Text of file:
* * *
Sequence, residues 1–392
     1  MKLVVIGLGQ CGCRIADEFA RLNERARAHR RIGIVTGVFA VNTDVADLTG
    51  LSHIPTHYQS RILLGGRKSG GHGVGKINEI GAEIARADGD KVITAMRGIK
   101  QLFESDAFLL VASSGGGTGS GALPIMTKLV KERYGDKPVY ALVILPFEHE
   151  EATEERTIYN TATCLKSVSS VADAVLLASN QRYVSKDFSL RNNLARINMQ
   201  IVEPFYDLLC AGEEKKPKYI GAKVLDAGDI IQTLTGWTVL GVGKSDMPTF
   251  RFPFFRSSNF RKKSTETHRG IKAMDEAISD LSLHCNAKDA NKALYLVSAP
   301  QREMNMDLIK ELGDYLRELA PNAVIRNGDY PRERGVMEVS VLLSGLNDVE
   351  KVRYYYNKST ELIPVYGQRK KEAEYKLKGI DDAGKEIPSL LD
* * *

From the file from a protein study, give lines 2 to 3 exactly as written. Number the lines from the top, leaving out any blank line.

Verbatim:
     1  MKLVVIGLGQ CGCRIADEFA RLNERARAHR RIGIVTGVFA VNTDVADLTG
    51  LSHIPTHYQS RILLGGRKSG GHGVGKINEI GAEIARADGD KVITAMRGIK